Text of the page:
Cold Response 22 Swallows Lives, Four Marines Killed in Military Exercise

Cold Response 22 Swallows Lives, Four Marines Killed in Military Exercise

International Military - Cold Response 22 is one of the largest military exercises in Europe involving troops working in a multi-domain Arctic environment. Currently, the event is hosted by Norway and attended by NATO allies and partners.

By 2022, the exercise will involve more than 30,000 troops and 200 aircraft from 27 countries. April 1 was the last day of the exercise because Cold Response ended. Cold Response 22 serves multiple purposes.

According to the Eurasian Times, one of the main goals is to prepare the NATO Response Force to increase and increase Norway's national strength. Where this is done aims to integrate the two powers so that they can work together to defend allied territory.

Cold Response 2022 also seeks to test how Norway will manage allied forces on its territory. This is in accordance with Article 5 of the NATO charter, which mandates member states to respond to the assistance of other member states that are attacked.

However, the exercise is still not free from the threat of problems. On March 18, four Marines died when their MV-22 Osprey crashed while flying in bad weather off the north coast of Norway.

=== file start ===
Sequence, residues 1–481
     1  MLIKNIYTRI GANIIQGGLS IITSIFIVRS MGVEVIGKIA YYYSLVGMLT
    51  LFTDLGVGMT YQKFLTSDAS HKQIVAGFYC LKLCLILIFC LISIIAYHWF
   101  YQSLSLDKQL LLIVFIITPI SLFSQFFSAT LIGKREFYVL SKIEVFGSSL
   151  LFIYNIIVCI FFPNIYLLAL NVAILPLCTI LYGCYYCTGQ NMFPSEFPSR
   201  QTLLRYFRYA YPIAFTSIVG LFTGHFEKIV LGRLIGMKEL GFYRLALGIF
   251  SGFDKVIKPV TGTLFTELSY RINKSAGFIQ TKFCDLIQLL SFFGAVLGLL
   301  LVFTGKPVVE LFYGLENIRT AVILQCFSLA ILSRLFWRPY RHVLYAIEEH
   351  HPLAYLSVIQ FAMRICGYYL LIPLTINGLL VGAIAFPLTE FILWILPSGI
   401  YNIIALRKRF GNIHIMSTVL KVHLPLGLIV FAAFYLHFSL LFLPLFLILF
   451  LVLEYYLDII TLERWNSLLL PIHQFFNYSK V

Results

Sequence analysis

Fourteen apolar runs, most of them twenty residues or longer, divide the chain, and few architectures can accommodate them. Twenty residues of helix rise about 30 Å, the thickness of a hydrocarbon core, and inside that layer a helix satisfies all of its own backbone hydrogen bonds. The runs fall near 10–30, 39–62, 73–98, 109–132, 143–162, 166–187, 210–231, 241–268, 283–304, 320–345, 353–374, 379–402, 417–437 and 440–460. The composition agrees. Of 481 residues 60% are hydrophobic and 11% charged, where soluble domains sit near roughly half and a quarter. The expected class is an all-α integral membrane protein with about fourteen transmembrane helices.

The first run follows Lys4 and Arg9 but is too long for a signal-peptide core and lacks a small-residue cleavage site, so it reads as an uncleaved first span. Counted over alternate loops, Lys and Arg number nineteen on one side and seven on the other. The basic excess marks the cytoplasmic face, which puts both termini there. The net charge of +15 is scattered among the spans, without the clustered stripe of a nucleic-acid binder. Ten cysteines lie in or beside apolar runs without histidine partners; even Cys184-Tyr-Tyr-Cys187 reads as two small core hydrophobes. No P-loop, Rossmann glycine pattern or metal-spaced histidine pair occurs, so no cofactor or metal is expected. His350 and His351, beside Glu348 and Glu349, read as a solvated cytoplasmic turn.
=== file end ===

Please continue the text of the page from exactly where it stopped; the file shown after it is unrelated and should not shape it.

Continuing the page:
According to marinecorpstimes, four Marines, based at Marine Corps Air Base New River, North Carolina, died when their MV-22 Osprey crashed under stormy weather conditions in northern Norway.

The marines included Captain Matthew J. Tomkiewicz, 27, of Fort Wayne, Indiana, Captain Ross A. Reynolds, 27, of Leominster, Massachusetts, Gunnery Sgt. James W. Speedy, 30, from Cambridge, Ohio, and Cpl. Jacob M. Moore, 24, of Catlettsburg, Kentucky. With the help of the Marine Corps, the bodies of the four Marines were found.

According to a statement from the 2nd Marine Expeditionary Force, their bodies were transported to the United States. Responding to this, Lieutenant General Yngve Odlo, head of the Norwegian Armed Forces operations headquarters, said that this was an unavoidable risk.

"The deaths of the four Marines demonstrate the realism of what we are doing," he said. “If we are to be effective in crises and wars, we must exercise under realistic conditions. That includes bad weather.

Of course, we have many ways to minimize risks, but we can never eliminate them.” 

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